If you really want to do something, you'll find a way. If you don't, you'll find an excuse. That’s what the United States does when it comes to weaponization of space. The Under Secretary of State for Arms Control and International Security Rose Gottemoeller confirmed this fact again in a recent statement. According to her, the United States is concerned that treaties proposed by Russia and China to address the weapons in space are not verifiable.
The US reluctance to prevent placing weapons in outer space is illustrated by its opposition to any initiatives in this field. On December 7, 2015, the 70th session of the UN General Assembly at the plenary session, adopted the No First Placement of Arms in Outer Space resolution (A/RES/70/27). The US, Ukraine and Georgia voted against the measure. On November 3, 2015 US delegate Robert Wood explained before the vote at the 70th UN General Assembly First Committee on Draft Resolution L.47, «No First Placement of Weapons in Outer Space» that «the United States finds that Russia's NFP (no first placement) initiative contains a number of significant problems», specifically, that it does not adequately define space weapons. «As a result, [nations] will not have any mutual understanding of the operative terminology», leaving the nonbinding resolution difficult to enforce, or for compliance with the agreed-upon measures to be verified.
The initiative passed the General Assembly with 129 nations voting in favor. The resolution was submitted by Russia and initially co-authored by Brazil and China. The number of resolution co-authors grew to 40 states at the session of UN General Assembly. Over one hundred states understand well the text of the document while the United States, Israel and Ukraine «face problems». The US cited another reason for opposing Russian initiative – the document failed to mention the continued development, testing, and, ultimately, deployment of destructive anti-satellite (ASAT) systems. The development of ASAT capabilities is de-stabilizing enough to trigger dangerous misinterpretations and miscalculations, and could be escalatory in a crisis or conflict.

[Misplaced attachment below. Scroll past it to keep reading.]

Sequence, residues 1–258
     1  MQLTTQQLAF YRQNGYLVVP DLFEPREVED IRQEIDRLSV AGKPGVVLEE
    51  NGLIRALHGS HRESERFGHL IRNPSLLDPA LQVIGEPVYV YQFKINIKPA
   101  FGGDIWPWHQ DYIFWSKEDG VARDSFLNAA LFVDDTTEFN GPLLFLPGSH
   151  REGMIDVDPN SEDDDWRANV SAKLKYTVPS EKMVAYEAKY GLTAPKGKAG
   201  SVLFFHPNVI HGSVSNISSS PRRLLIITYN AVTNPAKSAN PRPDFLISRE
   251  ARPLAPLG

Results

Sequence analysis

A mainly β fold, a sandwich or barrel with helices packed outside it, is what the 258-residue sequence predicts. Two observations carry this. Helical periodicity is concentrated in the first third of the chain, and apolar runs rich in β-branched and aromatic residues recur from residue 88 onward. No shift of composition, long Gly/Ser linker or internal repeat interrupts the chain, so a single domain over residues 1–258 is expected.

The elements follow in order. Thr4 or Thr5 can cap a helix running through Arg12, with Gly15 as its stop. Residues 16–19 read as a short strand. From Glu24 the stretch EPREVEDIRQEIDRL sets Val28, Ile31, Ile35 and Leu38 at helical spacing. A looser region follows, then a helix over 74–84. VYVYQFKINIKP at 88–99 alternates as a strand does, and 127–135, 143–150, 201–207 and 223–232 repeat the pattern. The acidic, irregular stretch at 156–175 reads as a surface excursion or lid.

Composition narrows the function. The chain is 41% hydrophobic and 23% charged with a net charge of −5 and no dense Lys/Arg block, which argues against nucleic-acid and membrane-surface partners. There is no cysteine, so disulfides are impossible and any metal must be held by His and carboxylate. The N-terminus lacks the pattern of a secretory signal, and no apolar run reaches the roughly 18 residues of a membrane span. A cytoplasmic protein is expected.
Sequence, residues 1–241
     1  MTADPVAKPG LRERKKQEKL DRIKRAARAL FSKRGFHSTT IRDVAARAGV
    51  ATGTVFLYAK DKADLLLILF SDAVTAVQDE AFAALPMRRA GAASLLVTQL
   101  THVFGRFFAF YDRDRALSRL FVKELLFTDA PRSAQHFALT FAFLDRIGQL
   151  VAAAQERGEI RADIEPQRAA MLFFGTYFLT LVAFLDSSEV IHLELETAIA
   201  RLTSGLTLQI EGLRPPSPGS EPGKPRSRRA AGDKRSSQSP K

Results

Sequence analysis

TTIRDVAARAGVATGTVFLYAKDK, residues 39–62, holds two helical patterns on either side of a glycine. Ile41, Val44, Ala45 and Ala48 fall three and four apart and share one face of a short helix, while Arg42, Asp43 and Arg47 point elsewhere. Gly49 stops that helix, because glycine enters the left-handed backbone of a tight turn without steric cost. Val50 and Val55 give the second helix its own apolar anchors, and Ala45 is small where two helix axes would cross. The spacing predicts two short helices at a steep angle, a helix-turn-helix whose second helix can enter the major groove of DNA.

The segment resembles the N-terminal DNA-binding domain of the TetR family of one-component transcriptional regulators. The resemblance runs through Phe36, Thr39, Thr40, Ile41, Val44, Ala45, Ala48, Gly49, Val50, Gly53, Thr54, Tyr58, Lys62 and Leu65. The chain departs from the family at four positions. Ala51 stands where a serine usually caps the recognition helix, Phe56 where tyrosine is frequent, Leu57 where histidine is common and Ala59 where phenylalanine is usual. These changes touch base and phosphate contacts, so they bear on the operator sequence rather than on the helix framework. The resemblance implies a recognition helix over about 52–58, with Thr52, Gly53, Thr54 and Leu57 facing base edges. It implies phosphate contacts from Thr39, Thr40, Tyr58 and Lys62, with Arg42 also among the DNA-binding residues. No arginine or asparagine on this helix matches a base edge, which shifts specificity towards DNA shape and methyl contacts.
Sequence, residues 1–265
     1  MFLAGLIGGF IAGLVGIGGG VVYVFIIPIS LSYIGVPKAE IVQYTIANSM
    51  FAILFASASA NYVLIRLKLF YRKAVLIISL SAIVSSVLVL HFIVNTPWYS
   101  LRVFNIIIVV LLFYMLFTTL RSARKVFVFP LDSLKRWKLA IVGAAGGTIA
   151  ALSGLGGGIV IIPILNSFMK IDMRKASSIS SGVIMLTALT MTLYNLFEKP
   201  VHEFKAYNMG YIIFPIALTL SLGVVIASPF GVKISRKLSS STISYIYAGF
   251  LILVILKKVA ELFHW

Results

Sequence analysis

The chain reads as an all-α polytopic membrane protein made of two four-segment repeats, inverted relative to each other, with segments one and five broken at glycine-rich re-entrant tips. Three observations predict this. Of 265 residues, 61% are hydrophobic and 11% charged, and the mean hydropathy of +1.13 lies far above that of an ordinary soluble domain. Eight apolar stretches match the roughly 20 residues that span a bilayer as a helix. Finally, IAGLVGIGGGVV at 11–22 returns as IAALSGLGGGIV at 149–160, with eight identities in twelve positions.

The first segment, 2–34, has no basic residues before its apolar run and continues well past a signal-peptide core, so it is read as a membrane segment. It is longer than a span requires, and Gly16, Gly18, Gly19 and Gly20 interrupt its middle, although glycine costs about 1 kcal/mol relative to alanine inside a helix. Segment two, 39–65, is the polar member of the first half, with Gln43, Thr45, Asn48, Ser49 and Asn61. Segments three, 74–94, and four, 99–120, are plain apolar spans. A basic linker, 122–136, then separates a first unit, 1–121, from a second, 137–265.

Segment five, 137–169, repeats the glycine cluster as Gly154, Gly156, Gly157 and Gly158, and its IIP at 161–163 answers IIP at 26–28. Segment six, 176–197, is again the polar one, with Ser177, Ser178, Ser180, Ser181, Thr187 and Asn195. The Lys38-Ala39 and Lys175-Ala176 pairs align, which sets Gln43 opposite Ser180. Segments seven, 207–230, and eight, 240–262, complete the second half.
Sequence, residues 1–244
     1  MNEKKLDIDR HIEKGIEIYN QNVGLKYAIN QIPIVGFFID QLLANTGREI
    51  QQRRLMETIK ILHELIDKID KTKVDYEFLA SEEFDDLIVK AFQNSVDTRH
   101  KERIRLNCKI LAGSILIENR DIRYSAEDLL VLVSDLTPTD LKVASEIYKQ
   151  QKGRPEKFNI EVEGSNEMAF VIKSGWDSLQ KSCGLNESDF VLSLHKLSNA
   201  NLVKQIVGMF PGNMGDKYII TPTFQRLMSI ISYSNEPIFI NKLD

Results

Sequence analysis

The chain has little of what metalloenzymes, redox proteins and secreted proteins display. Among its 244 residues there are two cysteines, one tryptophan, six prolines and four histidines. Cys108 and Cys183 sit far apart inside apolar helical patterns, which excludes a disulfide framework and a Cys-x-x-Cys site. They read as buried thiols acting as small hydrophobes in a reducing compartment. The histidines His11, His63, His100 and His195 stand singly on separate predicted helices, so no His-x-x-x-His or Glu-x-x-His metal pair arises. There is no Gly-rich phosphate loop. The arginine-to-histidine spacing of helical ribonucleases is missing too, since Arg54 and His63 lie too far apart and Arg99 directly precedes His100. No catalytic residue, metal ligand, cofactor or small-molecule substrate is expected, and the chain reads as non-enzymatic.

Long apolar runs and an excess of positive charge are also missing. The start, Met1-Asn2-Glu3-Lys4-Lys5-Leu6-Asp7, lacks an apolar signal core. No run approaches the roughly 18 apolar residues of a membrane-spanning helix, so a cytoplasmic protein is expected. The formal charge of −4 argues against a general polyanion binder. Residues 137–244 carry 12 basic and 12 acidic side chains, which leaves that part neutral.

It’s ridiculous enough to make one laugh. Under Secretary Rose Gottemoeller says the threat posed by space debris is an issue to be addressed urgently. True, the problem exists, but is it serious enough to make the US State Department concentrate all its efforts on trying to find a solution with no time left to address a much more urgent issue – the prevention of placing weapons in space?
The Conference on Disarmament has been idle during for 15 years due to Washington’s obstruction. Shooting the breeze is the only thing it all boils down to. The agenda of the Conference includes space weaponization. «The main current issue for Russia is to prevent the militarization of outer space», says Mikhail Ulyanov, Director of the Foreign Ministry Department for Non-Proliferation and Arms Control.
According to him, the issue is similar to Pandora’s box. Placing weapons into orbit will trigger an arms race. The number of countries, that can place weapons in space with ASAT and space-to-earth strike capabilities, is growing. Many states are on their way to acquire such a capability soon. The diplomat believes this process should be stopped.
The Moscow Treaty (1963), also known as the Partial Test Ban Treaty, banned nuclear weapon tests in the atmosphere, in outer space and under water. But it did not address the problem of weapons deployment in space.